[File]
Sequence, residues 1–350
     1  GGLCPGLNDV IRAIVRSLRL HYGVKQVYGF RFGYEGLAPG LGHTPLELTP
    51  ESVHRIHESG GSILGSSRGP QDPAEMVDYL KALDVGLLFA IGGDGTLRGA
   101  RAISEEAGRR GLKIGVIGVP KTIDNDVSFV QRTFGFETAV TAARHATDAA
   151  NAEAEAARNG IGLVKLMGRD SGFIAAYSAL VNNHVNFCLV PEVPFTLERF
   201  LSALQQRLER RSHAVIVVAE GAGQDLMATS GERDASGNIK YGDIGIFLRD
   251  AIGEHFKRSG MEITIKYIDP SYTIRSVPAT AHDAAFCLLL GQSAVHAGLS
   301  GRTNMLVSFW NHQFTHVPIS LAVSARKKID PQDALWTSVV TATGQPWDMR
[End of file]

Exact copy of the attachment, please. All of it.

Sequence, residues 1–350
     1  GGLCPGLNDV IRAIVRSLRL HYGVKQVYGF RFGYEGLAPG LGHTPLELTP
    51  ESVHRIHESG GSILGSSRGP QDPAEMVDYL KALDVGLLFA IGGDGTLRGA
   101  RAISEEAGRR GLKIGVIGVP KTIDNDVSFV QRTFGFETAV TAARHATDAA
   151  NAEAEAARNG IGLVKLMGRD SGFIAAYSAL VNNHVNFCLV PEVPFTLERF
   201  LSALQQRLER RSHAVIVVAE GAGQDLMATS GERDASGNIK YGDIGIFLRD
   251  AIGEHFKRSG MEITIKYIDP SYTIRSVPAT AHDAAFCLLL GQSAVHAGLS
   301  GRTNMLVSFW NHQFTHVPIS LAVSARKKID PQDALWTSVV TATGQPWDMR